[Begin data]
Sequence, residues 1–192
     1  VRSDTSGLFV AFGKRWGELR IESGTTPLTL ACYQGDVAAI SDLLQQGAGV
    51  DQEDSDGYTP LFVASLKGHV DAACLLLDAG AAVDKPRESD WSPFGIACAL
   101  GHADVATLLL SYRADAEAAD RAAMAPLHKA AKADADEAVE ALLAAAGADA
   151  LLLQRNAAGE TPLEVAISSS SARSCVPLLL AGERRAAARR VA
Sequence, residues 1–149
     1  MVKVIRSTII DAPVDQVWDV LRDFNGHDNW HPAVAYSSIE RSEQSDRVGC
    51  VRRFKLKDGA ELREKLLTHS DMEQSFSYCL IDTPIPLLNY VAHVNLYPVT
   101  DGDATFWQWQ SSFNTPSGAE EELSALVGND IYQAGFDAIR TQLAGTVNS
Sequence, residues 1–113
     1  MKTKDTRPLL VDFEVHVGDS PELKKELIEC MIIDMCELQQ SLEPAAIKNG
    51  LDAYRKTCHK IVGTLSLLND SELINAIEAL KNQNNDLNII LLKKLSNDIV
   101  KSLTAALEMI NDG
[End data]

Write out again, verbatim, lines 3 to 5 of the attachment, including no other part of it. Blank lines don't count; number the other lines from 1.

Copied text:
    51  DQEDSDGYTP LFVASLKGHV DAACLLLDAG AAVDKPRESD WSPFGIACAL
   101  GHADVATLLL SYRADAEAAD RAAMAPLHKA AKADADEAVE ALLAAAGADA
   151  LLLQRNAAGE TPLEVAISSS SARSCVPLLL AGERRAAARR VA